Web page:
My intention is to, at least once a month, visit with the nymphs, leave offerings for them, and get to know them. This time, a friend and I visited the river nymphs.


We walked the trail, waiting for the moment we would know we were in the right place to settle and leave our offerings. That moment came as we sighted the waterfall, and a cavernous area a little before it, where we could sit on the rocks under the spreading arms of the willow tree. We’d found the place. People had littered it, so the first thing we did was clean.


As I read the hymn to the nymphs we left our offerings, watched the river accept them, and later walked into the water, where we stayed for an hour, feeling as though we were between worlds, somewhere time stopped and the physical world could bend.

We spoke to the nymphs then, and they told us to come back and continue leaving offerings, but that they were not ready to speak to us further at this time. Understandable; they don’t know us or our intent. We were informed that in that area were dryads (but not hamadryads), who roam with Artemis in the woods, and naiads/potamides (they were fine with either name) in the river who go with (and this surprised us) Apollo. (Of course, Apollo has a history of loving naiads, but we’d forgotten that at the time.)


From the water they gifted us a couple of stones. I think I’ll drill one that’s a good shape and use it to make a pendulum exclusively to communicate with them.

I’m looking forward to returning in August and looking for the small changes, the variations that come with the passage of time. I’m looking forward to standing in the river again, and emerging cleansed and new and good.

Orpheus and Greek Religion Chapter 6: “Life and Practices of the Follower of Orpheus”

Orpheus with animals, Roman mosaic


  • Three doctrines of Orphism: the composite origin of humankind (Titan and God, earthly and heavenly), the hope of final apotheosis (elevation of the soul into a god), and transmigration (reincarnation, the passage of the soul from one body to another).
  • The belief in reincarnation explains the Orphic practice of vegetarianism (Guthrie calls it “the most important Orphic commandment”), since the soul of a former human may be present in an animal, and then be born back into a human, and so on – making meat-eating essentially cannibalism.
  • An Orphic needed to do two things to attain salvation: 1. Undergo initiation, and 2. Live a life aligned with Orphic notions of purity. Part of that life of purity was vegetarianism. There was the idea that there was a pre-Titanic age during which people found it “impious to eat flesh or to offer it to the gods,” and that the Orphics were resuming that practice. Another Orphic prohibition was against taking wool into temples, or being buried in wool. There is also a fragment which suggests white (and possibly linen) as a pure color, and the avoidance of birth and death.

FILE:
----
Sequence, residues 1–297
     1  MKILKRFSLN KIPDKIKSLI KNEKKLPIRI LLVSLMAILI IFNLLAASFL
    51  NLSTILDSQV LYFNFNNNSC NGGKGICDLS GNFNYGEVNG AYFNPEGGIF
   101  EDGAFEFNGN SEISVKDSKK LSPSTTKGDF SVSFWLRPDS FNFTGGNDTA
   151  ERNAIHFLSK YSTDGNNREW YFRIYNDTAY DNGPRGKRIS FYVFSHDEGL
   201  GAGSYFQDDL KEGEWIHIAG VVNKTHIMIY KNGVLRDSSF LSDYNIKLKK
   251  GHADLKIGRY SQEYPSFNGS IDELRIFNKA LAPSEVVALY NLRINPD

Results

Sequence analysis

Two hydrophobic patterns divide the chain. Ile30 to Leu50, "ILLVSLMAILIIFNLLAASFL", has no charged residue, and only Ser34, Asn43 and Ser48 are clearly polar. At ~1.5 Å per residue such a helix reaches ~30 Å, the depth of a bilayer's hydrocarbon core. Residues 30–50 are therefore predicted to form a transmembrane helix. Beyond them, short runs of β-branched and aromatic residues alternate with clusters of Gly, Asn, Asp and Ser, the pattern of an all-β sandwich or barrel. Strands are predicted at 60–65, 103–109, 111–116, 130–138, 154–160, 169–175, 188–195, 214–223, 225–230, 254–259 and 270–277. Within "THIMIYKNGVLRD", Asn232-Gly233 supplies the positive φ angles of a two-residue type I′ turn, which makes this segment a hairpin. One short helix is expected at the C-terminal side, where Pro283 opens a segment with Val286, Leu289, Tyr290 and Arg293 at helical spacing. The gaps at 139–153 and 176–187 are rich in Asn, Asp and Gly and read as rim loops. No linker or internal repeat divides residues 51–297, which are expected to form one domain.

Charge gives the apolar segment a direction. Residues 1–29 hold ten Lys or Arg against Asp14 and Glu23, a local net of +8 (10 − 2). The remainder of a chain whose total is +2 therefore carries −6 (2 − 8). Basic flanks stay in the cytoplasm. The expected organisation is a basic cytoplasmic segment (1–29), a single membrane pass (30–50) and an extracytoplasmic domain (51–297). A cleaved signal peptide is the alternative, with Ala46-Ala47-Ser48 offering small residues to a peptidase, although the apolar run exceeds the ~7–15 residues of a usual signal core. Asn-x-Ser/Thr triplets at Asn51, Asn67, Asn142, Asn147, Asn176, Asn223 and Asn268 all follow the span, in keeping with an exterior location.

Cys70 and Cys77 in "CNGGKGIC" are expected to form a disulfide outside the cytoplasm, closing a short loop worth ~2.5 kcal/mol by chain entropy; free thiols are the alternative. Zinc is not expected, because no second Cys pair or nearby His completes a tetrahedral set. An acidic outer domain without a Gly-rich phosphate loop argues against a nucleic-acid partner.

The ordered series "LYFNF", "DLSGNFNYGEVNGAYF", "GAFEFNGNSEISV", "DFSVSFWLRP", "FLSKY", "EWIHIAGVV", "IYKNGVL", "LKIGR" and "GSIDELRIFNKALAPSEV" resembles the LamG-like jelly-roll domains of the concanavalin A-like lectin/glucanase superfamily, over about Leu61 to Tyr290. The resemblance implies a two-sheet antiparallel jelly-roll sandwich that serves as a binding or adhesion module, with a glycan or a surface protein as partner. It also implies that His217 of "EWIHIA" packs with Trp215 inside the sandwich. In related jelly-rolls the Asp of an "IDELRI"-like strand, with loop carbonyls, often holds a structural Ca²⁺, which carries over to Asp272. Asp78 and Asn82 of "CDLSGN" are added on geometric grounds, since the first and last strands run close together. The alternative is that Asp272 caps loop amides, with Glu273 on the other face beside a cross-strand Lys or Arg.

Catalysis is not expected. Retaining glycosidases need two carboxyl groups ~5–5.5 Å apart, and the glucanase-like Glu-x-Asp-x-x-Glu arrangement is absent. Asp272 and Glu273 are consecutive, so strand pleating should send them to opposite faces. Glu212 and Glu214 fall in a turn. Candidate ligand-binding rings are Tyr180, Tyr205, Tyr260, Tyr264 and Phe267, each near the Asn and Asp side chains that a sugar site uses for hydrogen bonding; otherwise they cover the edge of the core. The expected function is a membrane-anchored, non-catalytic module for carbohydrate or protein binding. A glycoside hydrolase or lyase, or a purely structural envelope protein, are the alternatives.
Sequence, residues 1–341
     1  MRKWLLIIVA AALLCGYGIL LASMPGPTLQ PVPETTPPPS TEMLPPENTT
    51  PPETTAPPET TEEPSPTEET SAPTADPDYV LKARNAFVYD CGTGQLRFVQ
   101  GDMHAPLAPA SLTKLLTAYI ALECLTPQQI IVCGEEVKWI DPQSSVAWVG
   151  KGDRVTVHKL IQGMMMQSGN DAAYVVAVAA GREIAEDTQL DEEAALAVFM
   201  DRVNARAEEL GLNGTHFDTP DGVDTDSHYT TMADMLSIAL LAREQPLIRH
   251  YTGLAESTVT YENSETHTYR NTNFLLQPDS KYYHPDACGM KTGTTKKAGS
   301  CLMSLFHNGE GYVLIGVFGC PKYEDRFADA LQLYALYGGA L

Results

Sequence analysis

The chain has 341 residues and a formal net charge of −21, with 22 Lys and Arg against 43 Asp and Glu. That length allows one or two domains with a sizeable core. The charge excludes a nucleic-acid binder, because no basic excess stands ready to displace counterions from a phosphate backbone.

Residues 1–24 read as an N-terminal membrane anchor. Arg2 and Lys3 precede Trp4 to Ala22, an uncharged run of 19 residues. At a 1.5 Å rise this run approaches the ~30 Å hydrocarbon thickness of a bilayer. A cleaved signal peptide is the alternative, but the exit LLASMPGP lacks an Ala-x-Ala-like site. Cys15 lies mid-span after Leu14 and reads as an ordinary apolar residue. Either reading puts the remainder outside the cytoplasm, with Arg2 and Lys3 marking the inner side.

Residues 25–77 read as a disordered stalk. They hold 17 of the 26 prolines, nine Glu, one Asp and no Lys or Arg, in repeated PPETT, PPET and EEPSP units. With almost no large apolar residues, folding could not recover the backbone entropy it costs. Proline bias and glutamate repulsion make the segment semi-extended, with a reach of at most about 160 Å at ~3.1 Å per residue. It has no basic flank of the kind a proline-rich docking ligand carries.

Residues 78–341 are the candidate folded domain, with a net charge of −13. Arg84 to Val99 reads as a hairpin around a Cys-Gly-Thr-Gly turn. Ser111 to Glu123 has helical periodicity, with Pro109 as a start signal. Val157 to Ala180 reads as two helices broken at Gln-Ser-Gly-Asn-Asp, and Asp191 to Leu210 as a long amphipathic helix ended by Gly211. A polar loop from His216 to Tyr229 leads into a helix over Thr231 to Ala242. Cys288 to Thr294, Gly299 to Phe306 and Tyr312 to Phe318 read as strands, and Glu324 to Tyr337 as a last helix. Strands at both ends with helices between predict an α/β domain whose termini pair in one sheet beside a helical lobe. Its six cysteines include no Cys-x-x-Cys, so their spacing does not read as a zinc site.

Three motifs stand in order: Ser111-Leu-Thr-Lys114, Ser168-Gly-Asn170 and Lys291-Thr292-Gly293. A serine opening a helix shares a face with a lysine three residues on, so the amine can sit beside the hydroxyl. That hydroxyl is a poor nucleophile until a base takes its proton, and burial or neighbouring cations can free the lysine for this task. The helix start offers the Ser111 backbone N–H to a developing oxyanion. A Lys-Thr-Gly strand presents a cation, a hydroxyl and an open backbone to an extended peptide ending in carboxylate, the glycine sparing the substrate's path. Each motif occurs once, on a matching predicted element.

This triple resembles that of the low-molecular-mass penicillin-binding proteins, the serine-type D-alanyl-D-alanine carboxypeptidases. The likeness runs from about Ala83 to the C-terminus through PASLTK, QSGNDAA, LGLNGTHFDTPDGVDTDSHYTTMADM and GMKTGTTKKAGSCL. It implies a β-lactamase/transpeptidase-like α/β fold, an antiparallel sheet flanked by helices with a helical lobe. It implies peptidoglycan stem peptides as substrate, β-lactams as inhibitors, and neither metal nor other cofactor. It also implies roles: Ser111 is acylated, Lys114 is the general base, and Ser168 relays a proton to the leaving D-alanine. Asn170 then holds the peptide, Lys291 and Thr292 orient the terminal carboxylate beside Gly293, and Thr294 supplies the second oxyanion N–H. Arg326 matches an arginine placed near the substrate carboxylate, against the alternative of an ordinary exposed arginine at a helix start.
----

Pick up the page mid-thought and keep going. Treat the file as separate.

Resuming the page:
• Were there Orphic moral teachings? Not so much. Orphism was more individual and personal – about your own journey of soul-elevation, in whatever form that may take.
  • Orphic initiations (or conversions): Professional freelance Orphic initiators, orpheotelestai, would perform initiations for profit. They were not always regarded well by others. The Orphic Hymns are seen as significant (a form of teletai, divine writings and rites) – sacred writings in general were a lot of what Orphism depended on. The author thinks it probable that the recital of the hymns along with the appropriate (meatless) sacrifice, along with a “pantomime illustrating the theme of the recital,”  for example of the myth of Dionysos and the Titans, were what consisted an Orphic ritual. But, we don’t really know for sure.
  • Orphic initiation, pure speculation: Studying the Orphic tablets and writings written about in the Chapter 5 post can lead to a lot of speculation about what an Orphic initiation my have been like. The appendix to this chapter lists some theories – was there a bathing in (possibly boiled) milk, from the line “a kid I have fallen into milk?” Was there an Orphic ritual of the wheel? (There were wheels in temples of Persephone.) Did the Orphic initiate climb a ladder to enter a sacred enclosure? Your guess is as good as mine.
  • Was Orphism a sect? Yes in the sense that they had complicated dogma in writings which had to be studied – which was quite different from mainstream Hellenic religion, so the Orphics were always a small group. However, there is not much evidence for organized Orphic communities. The author states that there likely was some sort of organization, and there are a couple pieces of evidence, but again, we don’t know much.


  • “‘Many bear the wand, but few become Bakchoi’. That is to say, there are many who join in a Dionysiac orgy, but few who carry out all that an Orphic thought necessary for the attainment of union with the god. That the verse is Orphic we may say with confidence…” p.194
  • “According to the words which Aristophanes puts into the mouth of Aeschylus in the Frogs, Orpheus was famous for two things – he revealed the ways of initiation, and he taught men to abstain from killing.” p.196